Employment Law

Learn more about the U.S. employment laws and your rights in the workplace!

Employment Law - a woman shows a man the employment contract

What is Employment Law?

Employment law, also referred to as labor law, is a broad area of rules governing rights and obligations of employers, employees and labor unions. Also former employees and job seekers are covered by it. The main goal of the rules is to ensure that workers are treated fairly and receive fundamental social and economic rights in the workplace. Employment law is based on federal as well as state laws, administrative rules and court decisions. In addition, the terms of the employment contract are governing an individual employment relationship.

Whether you are an employee or an employer, it is crucial to be able to identify situations where the laws apply to comply with your duties and protect your rights. For complex issues we always recommend to seek advice of licensed employment attorneys. You may also contact both your State Labor Office and the Equal Employment Opportunity Commission for help and resources on many legal topics.

๐Ÿ’ก What does it cover?

  • Discrimination and harassment at work
  • Workers’ Compensation and pay
  • Employee benefits
  • Health and workplace safety
  • Wrongful discharge/termination
  • Minimum wage and overtime pay
  • Working time
  • Workplace participation
  • Unemployment benefits

๐Ÿ’ก What does it not cover?

  • Issues not related to employment or work more generally
  • Relationship with independent contractors
  • Some of the employee protections apply only to companies with 50 or more employees (e.g. company health insurance or extended leave in qualified situation like illness)
  • No federal law requires private sector employers to provide paid holidays or paid family leave (the only exception are federal government employees who are entitled to 10 paid public holidays)

Important Terms

๐Ÿ“Œ “At will” employment: this term means that both employer and employee can terminate the working relationship at any time and for any reason, so long as doing so is not a violation of a protected class (for example, due to pregnancy, for discriminatory reasons, in retaliation for whistleblowing or in bad faith in order to avoid paying a bonus).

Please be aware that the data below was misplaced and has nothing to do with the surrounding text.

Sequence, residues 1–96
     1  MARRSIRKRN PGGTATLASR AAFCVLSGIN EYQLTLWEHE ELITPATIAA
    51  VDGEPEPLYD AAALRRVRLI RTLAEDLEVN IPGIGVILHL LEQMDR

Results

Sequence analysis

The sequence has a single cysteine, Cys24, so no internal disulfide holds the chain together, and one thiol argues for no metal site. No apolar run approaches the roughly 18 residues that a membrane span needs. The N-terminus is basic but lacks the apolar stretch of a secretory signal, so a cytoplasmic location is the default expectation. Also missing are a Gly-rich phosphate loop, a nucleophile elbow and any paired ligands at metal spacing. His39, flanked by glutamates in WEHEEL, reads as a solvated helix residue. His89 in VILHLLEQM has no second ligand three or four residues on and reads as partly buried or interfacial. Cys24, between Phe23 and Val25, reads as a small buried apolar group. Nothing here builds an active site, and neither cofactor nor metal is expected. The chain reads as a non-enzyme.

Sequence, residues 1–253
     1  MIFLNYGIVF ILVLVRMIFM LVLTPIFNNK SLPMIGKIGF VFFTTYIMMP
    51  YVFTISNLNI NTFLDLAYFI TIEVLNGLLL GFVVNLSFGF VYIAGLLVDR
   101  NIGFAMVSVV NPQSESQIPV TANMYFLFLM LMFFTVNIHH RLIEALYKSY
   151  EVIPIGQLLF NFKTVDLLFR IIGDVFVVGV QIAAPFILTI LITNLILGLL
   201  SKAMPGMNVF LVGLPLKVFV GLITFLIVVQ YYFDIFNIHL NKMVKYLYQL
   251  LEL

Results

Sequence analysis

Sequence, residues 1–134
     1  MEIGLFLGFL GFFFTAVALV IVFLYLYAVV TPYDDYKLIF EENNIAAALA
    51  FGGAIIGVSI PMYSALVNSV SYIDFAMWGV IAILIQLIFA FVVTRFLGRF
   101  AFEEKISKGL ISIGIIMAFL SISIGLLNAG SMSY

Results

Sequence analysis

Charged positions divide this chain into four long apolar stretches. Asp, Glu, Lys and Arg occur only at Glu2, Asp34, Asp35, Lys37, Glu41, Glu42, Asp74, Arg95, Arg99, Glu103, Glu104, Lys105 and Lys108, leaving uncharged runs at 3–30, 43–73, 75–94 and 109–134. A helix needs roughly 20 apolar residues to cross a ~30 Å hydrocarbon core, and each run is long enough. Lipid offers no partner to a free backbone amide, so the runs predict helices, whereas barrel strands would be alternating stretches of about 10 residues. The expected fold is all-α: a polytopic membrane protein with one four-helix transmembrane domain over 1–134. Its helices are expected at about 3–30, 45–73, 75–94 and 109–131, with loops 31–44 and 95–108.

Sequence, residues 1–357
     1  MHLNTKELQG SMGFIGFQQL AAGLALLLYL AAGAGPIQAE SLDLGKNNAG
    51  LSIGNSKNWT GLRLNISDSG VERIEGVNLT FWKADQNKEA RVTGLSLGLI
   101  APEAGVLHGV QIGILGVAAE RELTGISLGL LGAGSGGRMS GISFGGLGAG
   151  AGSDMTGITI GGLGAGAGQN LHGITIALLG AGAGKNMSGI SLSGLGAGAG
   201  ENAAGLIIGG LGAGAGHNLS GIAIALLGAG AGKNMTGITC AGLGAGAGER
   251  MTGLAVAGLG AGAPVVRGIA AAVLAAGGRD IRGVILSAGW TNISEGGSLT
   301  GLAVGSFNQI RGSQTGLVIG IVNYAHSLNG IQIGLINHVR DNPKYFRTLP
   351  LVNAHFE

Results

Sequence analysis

๐Ÿ“Œ Exempt and nonexempt workers: groups of employees mentioned in the Fair Labor Standards Act, where only nonexempt workers are granted the protections under the Act, for example for overtime, time-and-a-half pay.

๐Ÿ“Œ 401 (k) plan: it is a defined contribution pension plan, sponsored by the employers and enabling employees to make tax-free retirement savings.

๐Ÿ“Œ Back pay: this term describes the amount of salary and other benefits the worker claims after a wrongful termination.

Major federal and state laws in the United States

As of 2022, the U.S. Department of Labor administers ca. 180 federal labor laws. In addition, many states provide for more favorable working conditions. Below we prepared a brief overview of the most important laws in the U.S.:

The Fair Labor Standards Act (FLSA) introduced the minimum wage for eligible employees, overtime for work over 40 hours a week and restrictions on child labor. Currently, the federal minimum wage is set at $7.25 an hour, but many states have a higher minimum salary. You can find an overview of the state wage and hour laws in the statistics of the U.S. Department of Labor.

The Equal Pay Act made it illegal to pay different wages to women and men back in 1963 and was the first federal act in the area of prohibited practices by employers. Title VII of the Civil Rights Act of 1964 bans discrimination in employment on the basis of race, religion, nation of origin, color, or sex (including sexual orientation and pregnancy). The same rules apply to discrimination on the basis of age (The Age Discrimination in Employment Act of 1967)  and disability (Titles I and V of the Americans with Disabilities Act of 1990). These laws apply to all work situations, including hiring, termination, promotion, harassment, job training, compensation. The U.S. Equal Employment Opportunity Commission is responsible for enforcement of above mentioned laws on workplace discrimination.

The Occupational Safety and Health Act (OSHA)aims to ensure that work environment does not pose any serious hazards to employees. The Act is administered by the Occupational Safety and Health Administration who sets and enforces standards in this field.

Enforcement of rights: common causes of action

a woman stands in the foreground and looks stern, while in the background a group of women learn in a circle

The most common causes of complaints and lawsuits include:

  • Sexual harassment
  • Unpaid wages
  • Wrongful termination
  • Complaints about safety issues
  • Discrimination in the hiring process

As with other aspects of life, the nature and type of employment litigation is changing with the COVID-19 pandemic. In particular, lawyers are observing a rising number of employment lawsuits related to safety in the office and unlawful terminations.

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โ‡๏ธ If you are looking for more information, browse through our series of articles on various aspects of labor law and learn everything you need to know to protect your rights.

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